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Fields & Applications Proteomics, Clinical, Microscopy

Resolution Revolution Realized

Atomic-level structural resolution has driven major breakthroughs in drug development by gifting pharmacologists with ever-increasing knowledge of potential drug targets. Cryo-electron microscopy (cryo-EM) represents a valuable tool for extracting this information, rivalling classic techniques like X-ray crystallography and earning Jacques Dubochet, Joachim Frank and Richard Henderson the Nobel Prize in Chemistry in 2017 for their work laying the foundations for this technique in the high-resolution structural determination of biomolecules.

Zongli Li and colleagues recently took up this (admittedly rather cold) torch, having determined the structure of the mouse transient receptor potential canonical subfamily member 5 (mTPRC5) (1) – a nonselective calcium cation channel – at an unprecedented level of detail: 2.8-Ångstroms. The key findings – a unique extracellular pore domain coupled a disulfide bond (2) – highlight mTRPC5 as the "black sheep" of the larger TRPC sub-family, and may explain the divergent physiological role of this channel. Li believes these findings give credence to the idea that human TRPC5 is a promising target for drug development – particularly for psychiatric disorders: “These channels are highly expressed in the brain – providing a promising pharmacological target ripe for exploration,” he says.

Li is quick to pinpoint the success of the study on the “resolution revolution”- a movement over the last decade that has facilitated major improvements in cryo-EM technology. “The field really took off around 2013, with the first near-atomic resolution imaging of membrane proteins,” Li says. “This was driven by major improvements in camera technology and data processing software, as well as better cryo-electron microscopes.”

Against a backdrop of ongoing technological advancement, the team have wasted no time plotting their next steps. “We are talking to a couple of companies, exploring ways in which we might work together,” says Li. “Unsurprisingly, due to TRPC5’s role in disease, it is of considerable interest as a drug target.” But before that tantalizing lead can be followed, Li concedes that the team will need to characterize the entire length of the protein: “To identify potential drugs, we need to fully understand the structural elements of the protein we are targeting with small molecules, irrespective of whether we intend to activate a channel or block it.”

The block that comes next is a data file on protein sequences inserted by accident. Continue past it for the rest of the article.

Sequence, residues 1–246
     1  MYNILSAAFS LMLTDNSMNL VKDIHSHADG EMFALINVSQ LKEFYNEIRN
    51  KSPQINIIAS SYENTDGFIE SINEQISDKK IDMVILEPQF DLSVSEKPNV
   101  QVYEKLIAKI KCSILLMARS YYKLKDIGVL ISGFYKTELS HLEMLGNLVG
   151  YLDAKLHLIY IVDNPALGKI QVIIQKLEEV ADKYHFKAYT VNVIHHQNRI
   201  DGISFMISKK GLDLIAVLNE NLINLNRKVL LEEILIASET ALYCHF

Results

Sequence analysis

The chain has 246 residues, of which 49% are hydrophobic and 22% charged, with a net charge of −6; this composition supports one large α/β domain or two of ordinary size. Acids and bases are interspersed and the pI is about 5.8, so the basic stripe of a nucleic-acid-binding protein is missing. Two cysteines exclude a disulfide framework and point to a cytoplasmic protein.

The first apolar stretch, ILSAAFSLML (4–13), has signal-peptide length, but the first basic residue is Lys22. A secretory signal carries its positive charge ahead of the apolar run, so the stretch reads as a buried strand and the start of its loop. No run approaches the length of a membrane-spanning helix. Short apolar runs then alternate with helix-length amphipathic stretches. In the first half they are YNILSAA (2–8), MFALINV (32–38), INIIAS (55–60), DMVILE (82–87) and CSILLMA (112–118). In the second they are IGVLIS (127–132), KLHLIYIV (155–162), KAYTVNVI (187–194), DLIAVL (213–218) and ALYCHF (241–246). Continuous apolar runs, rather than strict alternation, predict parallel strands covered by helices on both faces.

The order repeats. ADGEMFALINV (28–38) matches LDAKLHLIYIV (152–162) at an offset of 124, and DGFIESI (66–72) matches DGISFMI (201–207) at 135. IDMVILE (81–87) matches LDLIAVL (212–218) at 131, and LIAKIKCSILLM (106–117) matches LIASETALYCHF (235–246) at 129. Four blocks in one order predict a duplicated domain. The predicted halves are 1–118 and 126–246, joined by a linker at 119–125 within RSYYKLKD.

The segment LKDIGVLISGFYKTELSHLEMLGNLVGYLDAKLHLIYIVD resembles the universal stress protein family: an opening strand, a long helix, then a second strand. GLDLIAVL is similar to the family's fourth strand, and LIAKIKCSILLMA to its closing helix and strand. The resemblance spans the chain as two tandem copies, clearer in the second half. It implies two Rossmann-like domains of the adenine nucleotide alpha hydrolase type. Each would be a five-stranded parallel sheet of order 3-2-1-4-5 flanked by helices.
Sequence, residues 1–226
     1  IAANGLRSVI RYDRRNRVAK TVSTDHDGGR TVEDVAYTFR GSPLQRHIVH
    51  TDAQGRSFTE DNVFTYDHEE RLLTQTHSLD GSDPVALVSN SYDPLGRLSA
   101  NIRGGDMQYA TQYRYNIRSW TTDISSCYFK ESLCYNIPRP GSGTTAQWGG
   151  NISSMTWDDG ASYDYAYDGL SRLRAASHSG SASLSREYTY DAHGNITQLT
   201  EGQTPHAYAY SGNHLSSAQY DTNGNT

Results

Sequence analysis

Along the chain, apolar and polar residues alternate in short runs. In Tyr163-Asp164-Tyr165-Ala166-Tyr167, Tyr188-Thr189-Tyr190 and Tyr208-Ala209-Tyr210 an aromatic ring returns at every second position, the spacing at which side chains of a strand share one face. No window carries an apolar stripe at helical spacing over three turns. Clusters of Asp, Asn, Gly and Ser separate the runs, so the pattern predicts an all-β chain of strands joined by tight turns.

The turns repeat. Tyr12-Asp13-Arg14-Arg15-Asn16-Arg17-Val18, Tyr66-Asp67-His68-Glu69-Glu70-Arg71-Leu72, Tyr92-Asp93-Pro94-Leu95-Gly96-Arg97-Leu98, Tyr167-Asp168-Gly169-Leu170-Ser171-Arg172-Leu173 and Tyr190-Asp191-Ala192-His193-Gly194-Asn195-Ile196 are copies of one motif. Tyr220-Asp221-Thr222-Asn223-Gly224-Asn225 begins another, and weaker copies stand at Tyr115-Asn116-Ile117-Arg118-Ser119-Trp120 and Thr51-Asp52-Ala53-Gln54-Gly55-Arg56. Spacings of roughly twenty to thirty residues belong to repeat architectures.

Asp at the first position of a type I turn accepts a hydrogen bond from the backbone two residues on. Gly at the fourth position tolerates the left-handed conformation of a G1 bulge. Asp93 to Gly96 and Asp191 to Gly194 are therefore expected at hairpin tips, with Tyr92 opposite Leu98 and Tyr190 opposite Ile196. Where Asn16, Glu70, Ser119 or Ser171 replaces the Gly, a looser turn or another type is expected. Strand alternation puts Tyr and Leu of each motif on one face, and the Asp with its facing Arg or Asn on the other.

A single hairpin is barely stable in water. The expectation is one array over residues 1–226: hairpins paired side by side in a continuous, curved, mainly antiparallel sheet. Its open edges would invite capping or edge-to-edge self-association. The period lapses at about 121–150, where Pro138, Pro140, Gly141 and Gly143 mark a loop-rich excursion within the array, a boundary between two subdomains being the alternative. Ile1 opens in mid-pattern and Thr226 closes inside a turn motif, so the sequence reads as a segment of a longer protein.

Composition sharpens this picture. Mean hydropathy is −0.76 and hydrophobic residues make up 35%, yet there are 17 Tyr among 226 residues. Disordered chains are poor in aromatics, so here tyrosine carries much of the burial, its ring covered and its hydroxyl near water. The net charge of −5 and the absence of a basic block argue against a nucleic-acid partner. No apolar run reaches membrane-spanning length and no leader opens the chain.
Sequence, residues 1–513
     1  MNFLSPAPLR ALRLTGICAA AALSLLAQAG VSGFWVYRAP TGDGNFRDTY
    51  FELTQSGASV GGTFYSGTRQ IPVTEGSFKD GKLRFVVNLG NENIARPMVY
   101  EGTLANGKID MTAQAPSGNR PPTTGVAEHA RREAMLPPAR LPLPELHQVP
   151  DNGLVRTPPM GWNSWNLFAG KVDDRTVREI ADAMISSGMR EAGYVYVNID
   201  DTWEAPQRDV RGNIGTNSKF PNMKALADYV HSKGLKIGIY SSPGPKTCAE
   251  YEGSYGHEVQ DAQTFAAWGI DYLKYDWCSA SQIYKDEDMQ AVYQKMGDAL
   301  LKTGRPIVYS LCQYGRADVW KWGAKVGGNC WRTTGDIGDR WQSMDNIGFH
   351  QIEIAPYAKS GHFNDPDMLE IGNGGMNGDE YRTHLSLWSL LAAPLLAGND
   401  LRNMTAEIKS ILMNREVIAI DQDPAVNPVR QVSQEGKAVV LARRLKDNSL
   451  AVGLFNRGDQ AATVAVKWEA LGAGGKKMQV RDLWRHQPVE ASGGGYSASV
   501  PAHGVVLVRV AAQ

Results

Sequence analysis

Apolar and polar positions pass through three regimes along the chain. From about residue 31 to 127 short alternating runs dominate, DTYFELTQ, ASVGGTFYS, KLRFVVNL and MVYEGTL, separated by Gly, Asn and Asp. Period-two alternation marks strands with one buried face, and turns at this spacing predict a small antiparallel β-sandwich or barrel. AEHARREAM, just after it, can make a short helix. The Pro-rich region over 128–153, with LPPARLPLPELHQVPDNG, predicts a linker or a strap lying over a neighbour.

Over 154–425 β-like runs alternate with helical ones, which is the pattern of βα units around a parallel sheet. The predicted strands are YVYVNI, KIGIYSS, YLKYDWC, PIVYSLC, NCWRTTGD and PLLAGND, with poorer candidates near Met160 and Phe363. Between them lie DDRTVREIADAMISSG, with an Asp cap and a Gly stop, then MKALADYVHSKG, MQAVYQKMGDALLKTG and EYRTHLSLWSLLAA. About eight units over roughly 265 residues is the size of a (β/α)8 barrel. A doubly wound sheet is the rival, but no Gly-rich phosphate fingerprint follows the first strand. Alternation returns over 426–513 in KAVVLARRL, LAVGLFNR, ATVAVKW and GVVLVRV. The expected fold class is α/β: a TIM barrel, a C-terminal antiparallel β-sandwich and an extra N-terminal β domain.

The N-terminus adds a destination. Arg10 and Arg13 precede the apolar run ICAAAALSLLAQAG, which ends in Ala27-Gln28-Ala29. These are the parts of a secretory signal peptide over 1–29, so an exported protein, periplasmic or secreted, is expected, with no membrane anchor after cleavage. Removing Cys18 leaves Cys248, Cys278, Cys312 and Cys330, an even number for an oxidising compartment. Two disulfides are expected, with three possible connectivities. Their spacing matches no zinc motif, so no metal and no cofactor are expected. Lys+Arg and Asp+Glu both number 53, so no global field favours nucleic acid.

Looking ahead, Li is optimistic; “There is a real opportunity for those in academia, who have been crying out for years for improved technology, to really begin to understand macromolecules at an atomic scale,” he says. “No doubt, this will provide vital new information that will prove crucial in treating diseases.”

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  1. J Duan et al., “Cryo-EM structure of TRPC5 at 2.8-Å resolution reveals unique and conserved structural elements essential for channel function”, Sci Adv, 5, (2019). DOI: 10.1126/sciadv.aaw7935
  2. J Li et al., “The structure of TRPC ion channels”, Cell Calcium, 80, 25 (2019). DOI: 10.1016/j.ceca.2019.03.005
About the Author
Jonathan James

Having thrown myself into various science communication activities whilst studying science at University, I soon came to realize where my passions truly lie; outside the laboratory, telling the stories of the remarkable men and women conducting groundbreaking research. Now, at Texere, I have the opportunity to do just that.

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